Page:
Nukila Evanty expects people to recognize the valuable local traditions of Indonesia by involving women in disaster mitigation


Jakarta, IO – Nukila Evanty, Chairwoman of the Indigenous Peoples’ Initiative (IMA) and Executive Director of the Women Working Group (WWG), represented Indonesia and civil society in the Asia-Pacific region, was nominated as a panelist at the 2024 Global Summit for Disaster Risk Reduction (DRR) held in Nairobi, Kenya, Africa, in mid-February 2024.

On that special occasion, Nukila brought up the issue of implementing local wisdom as part of disaster risk mitigation. According to her, the indigenous communities have been following written and unwritten local wisdom, including knowledge, values (ethics), identity, way of life, and traditions, passed down from ancestors, to wisely treat their environment daily.

For disaster risk reduction, local wisdom serves as both a guide and a source of strength in adapting, organizing, and nurturing the influence of nature and culture, as well as being a driving force in regulating the societal order.

Indonesia is geographically situated at the convergence of three major tectonic plates—the Pacific, Eurasian, and Indo-Australian plates—placing the country at high risk of disasters, particularly earthquakes, land movements, and tsunamis.

According to data from the National Disaster Management Agency (BNPB), 4,940 natural disasters were reported in 2023. In the face of disasters, communities across Indonesia rely on local wisdom to cope, a tradition that has persisted to this day.

Nukila Evanty, Chairwoman of the Indigenous Peoples' Initiative
(Source: Special)

During her advocacy and community capacity strengthening program across various regions in Indonesia, Nukila discovered that each area possesses local wisdom useful in perceiving the signs of approaching natural disasters.

For example, an Aceh local wisdom called Smong has saved the people of Simeulue Island in Aceh from earthquakes and tsunamis. Smong is a popular traditional art of Simeulue. Parents in the Simeulue Regency would impart local wisdom to their children, particularly ways to recognize impending natural disasters, such as earthquakes or tsunamis.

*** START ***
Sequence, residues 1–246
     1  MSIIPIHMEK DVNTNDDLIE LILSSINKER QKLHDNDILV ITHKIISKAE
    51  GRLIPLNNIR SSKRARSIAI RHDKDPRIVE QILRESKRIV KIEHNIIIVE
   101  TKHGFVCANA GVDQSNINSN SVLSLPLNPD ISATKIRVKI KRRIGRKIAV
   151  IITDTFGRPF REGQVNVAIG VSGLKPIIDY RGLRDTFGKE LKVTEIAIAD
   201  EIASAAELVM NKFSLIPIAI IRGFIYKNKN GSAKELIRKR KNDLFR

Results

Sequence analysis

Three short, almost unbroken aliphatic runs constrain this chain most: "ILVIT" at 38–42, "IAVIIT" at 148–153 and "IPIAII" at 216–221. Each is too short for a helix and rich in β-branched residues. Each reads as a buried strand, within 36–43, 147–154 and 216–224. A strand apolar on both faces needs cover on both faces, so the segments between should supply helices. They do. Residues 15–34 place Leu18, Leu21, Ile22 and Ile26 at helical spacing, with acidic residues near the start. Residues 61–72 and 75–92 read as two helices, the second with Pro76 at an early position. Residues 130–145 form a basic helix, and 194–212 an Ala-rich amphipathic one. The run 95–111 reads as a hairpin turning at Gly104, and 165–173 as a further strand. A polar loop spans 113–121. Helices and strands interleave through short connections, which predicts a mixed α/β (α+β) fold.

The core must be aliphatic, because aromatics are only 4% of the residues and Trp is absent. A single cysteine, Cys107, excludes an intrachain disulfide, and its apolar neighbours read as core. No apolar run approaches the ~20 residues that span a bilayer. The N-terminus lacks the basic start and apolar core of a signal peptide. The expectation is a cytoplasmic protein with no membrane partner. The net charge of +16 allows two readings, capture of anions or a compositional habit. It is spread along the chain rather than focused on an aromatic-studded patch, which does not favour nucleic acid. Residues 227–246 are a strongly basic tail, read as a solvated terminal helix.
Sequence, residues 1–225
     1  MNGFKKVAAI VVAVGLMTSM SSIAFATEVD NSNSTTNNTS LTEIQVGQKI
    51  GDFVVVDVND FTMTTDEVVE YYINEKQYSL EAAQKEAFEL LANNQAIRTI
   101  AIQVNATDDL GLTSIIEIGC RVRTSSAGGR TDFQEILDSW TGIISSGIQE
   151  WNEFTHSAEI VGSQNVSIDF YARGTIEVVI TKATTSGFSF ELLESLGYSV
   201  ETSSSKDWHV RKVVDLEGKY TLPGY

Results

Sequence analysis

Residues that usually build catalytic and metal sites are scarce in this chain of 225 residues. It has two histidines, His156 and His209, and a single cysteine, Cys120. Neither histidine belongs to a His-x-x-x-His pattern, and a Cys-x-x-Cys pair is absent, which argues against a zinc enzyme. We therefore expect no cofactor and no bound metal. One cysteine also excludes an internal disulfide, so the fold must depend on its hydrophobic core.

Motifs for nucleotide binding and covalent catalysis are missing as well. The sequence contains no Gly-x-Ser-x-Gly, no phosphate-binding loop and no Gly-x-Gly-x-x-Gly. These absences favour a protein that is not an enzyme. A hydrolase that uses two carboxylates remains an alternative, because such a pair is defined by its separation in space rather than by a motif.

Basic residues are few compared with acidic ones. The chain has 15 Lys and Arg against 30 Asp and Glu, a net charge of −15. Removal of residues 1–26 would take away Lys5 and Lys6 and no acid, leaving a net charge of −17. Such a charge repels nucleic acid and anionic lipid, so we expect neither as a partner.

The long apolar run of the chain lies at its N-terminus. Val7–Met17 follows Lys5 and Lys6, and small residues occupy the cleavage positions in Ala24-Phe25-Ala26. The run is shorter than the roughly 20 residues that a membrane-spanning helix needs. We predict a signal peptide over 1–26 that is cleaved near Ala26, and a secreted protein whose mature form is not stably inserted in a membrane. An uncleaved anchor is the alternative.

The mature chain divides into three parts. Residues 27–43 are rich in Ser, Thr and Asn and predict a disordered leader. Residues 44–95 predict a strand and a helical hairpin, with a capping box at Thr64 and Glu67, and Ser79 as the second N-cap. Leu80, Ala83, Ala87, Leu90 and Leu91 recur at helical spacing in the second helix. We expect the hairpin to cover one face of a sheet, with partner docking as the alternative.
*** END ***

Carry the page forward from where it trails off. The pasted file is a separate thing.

Tsunami is known by the name “Smong” in Aceh. The Simeulue people have recognized tsunamis since 1907, from a disaster that took place in Salur, South Teupah District, Simeulue Regency. The experience of a tsunami was then documented in poetic songs and verses, with the aim of staying cautious when reading natural signs. The verses also describe the signs of a natural disaster, which include strong tremors, sudden sea receding, and oncoming massive waves.

When the earthquake and tsunami occurred on the west coast of Aceh and North Sumatra on December 26, 2004, Simeulue residents living in coastal areas counted among the fewest casualties. Only seven people lost their lives, out of the 78,000 residents of Simeulue Island. In spite of lacking modern technology warning locals about tsunamis, the Simeulue community was able to read natural signs, through traditional wisdom passed down through generations.

Nukila also found a tradition called “hoyak tabuik” in Pariaman, West Sumatra. The procession would involve shaking a Tabot statue and planting pine and mangrove trees in coastal areas. The people believe that the small islands around the Sea of Pariaman will afford them protection. This tradition anticipates tsunami and earthquake disasters in the vicinity of the city of Pariaman.

The local wisdom of the Baduy tribe of Banten, goes by the name “Pikukuh Sapuluh,” a rule governing the social life of the Baduy community. The community establishes customary rules for building houses. Building houses is only approved by utilizing environmentally-friendly materials such as bamboo and ijuk (palm fiber), to prevent them from easily deteriorating. The bottoms of the houses are also forbidden to touch the ground.

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In this modern era, Indonesian local wisdom is a cultural wealth that deserves preserving. Nukila expects people to recognize the valuable local traditions of Indonesia by involving women in disaster mitigation, disaster response, and post-disaster handling, to protect women from other threats.

“It is essential that a country’s local wisdom be documented, preserved, and passed down to the next generation. The current existing forms of documentation include books and audiovisuals,” said Nukila, in a conversation with the Independent Observer on Tuesday, February 27, 2024. (des)